Year of Wonders
By Geraldine Brooks
Penguin Books 2001
From my shelves
Anna Frith is a young widow attempting to raise her sons in a small village. When a tailor comes looking to rent a room, she sees an opportunity to make some extra income for her family. Little does she know that this tailor, who will become so dear to her family, will also be the one to unknowingly bring a terrible plague to their village. As people begin to die in their small town, the vicar makes a bold decision and decides that they will quarantine themselves for the good of the outside world. Anna begins to work with the vicar and his wife to bring healing and hope to the people of their village and discovers that she can do more than she ever imagined.
Geraldine Brooks has written another beautiful story with Year of Wonders. As usual, she writes from true events. In 1665, the residents of the tiny village of Eyam, Derbyshire decided that they would seal their village off from the outside world in order to stop the spread of the deadly plague that had started to infect them. In Brooks' very capable hands, the story is, in turns, beautiful and heartbreaking. How and why do we continue to live when there is nothing left to live for? Anna is a compelling narrator and someone who truly evolves through her experiences. The vicar's wife takes Anna under her wing and teaches her to read. Together, the women begin to delve into the art of healing in the hopes of bringing some comfort to their dying friends and neighbors. I think this book strikes exactly the right chord between the horror of not knowing who is next, the pain of losing people who you love, and the exhaustion of trying to put one foot in front of another in this bizarre new existence.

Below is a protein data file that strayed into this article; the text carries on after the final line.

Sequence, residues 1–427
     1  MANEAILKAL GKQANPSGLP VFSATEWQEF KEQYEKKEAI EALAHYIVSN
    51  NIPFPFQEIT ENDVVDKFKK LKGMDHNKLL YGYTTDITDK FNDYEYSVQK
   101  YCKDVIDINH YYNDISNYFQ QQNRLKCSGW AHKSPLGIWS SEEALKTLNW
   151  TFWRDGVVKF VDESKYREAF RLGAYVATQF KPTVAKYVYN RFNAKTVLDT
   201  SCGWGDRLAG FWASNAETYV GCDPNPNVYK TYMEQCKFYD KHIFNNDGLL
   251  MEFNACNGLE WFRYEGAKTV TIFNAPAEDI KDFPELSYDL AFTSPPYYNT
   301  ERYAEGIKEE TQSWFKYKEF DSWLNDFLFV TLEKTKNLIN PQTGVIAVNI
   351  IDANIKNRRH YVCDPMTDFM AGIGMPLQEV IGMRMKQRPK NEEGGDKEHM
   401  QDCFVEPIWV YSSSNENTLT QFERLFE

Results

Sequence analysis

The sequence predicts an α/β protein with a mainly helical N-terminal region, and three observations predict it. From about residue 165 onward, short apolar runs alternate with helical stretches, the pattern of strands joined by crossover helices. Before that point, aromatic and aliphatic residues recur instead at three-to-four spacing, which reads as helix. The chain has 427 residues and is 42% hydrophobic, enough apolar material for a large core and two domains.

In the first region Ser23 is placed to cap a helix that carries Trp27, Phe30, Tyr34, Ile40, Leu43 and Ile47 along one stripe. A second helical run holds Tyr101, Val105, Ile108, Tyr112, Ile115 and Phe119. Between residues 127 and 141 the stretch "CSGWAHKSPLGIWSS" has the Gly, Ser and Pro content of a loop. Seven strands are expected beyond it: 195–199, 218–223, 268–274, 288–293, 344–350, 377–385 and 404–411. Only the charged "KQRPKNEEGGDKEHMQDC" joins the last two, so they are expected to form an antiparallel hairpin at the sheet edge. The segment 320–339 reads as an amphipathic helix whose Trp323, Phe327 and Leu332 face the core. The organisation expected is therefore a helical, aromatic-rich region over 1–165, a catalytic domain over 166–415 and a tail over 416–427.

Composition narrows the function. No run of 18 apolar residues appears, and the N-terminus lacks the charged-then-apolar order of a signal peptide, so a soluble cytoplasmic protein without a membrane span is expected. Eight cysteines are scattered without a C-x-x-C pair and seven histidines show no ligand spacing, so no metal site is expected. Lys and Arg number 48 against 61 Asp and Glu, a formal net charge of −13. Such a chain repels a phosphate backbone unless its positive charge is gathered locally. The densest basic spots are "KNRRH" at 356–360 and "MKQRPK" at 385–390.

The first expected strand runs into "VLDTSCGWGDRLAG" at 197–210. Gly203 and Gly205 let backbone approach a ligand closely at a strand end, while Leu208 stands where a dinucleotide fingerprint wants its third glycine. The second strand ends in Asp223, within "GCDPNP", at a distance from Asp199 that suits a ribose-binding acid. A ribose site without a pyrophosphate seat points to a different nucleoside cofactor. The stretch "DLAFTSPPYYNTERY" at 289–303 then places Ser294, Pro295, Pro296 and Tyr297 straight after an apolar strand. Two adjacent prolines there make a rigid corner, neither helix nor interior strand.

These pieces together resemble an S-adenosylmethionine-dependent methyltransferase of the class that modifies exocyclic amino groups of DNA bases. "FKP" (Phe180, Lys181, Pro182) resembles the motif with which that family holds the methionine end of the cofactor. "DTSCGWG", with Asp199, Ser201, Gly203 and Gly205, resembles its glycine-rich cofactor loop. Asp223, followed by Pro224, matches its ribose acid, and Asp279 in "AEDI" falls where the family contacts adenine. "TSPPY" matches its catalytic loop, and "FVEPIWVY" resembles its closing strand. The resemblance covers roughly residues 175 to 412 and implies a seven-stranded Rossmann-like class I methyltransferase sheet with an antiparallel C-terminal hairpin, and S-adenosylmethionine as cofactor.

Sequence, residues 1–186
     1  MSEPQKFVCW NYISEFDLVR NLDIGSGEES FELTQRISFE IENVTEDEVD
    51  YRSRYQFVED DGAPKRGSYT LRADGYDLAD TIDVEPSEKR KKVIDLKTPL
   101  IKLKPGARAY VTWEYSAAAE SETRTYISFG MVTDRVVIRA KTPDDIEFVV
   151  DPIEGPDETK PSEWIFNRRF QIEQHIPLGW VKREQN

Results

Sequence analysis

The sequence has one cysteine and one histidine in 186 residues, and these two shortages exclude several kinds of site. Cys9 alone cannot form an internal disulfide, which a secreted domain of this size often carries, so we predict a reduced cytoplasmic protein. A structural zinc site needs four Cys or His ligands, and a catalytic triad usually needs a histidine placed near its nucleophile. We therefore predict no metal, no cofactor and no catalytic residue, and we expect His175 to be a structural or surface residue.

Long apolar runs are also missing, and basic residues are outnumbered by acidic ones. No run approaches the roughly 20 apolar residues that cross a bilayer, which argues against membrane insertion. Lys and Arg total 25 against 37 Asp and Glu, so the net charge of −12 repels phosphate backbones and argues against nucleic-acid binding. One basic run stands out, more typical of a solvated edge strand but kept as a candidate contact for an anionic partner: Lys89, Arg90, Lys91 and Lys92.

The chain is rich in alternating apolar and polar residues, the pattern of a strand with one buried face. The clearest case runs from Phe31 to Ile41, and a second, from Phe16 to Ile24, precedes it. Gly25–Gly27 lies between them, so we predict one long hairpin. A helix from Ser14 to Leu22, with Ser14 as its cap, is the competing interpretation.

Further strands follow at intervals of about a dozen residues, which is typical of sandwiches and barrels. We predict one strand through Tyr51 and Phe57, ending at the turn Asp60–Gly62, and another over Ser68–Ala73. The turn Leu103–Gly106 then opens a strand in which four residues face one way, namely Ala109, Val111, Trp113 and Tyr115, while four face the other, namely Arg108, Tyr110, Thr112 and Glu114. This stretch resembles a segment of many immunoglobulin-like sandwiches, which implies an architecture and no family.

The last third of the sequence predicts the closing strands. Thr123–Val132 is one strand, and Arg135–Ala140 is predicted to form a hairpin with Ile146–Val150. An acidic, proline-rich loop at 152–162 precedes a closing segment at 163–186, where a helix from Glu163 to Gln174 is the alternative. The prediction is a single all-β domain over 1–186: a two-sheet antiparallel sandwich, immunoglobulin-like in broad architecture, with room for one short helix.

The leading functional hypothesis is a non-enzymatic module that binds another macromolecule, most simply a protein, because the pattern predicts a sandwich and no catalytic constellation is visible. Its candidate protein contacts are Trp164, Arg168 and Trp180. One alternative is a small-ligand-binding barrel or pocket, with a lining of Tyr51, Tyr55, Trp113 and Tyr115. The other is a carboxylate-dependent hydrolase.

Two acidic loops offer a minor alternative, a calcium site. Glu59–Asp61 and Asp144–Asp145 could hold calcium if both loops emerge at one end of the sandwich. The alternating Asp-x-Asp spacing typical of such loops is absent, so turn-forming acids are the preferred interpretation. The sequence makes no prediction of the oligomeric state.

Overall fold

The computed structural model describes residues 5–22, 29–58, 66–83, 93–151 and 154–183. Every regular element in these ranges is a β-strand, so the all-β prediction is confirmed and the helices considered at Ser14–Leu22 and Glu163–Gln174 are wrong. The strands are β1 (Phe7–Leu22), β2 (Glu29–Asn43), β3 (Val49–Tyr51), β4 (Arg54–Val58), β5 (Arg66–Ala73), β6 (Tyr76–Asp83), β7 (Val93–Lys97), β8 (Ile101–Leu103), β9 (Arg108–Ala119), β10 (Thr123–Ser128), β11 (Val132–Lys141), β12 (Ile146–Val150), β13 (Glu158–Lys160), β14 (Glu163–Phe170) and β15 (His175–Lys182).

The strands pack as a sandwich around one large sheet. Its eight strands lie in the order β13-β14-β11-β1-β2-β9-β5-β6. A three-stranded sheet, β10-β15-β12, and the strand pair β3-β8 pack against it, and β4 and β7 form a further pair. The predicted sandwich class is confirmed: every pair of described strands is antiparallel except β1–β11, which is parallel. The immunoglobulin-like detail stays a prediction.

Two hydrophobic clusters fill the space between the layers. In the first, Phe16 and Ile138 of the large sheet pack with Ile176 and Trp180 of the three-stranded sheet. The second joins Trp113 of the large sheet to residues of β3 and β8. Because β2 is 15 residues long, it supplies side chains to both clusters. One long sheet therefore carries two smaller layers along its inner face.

As I read this book, I thought about our seeming obsession with books about the end of the world in modern times. We read (and worry) about zombies or a nuclear attack or the sun no longer warming our planet. We wonder what we would do in those seemingly impossible situations. But I think we sometimes forget that it has seemed like the end of the world many times before. For the people living in a city wracked by disease or war or famine, it seems like life cannot and will not go on. I think our fear of a devastating end doesn't change, but the things we are afraid of do evolve with time and technology.
My only complaint about this powerful little novel is the ending. It is a confusion that appears to be shared by many readers. Without giving it away to those of you will read this book, I will just say that Brooks radically shifts the trajectory of the story and throws in new characters and locations. The change is abrupt at best. I wish the book had ended differently, but I am still glad I read it and experienced Anna's growth and the terrifying lows and inspiring highs that people can reach in the very worst of situations.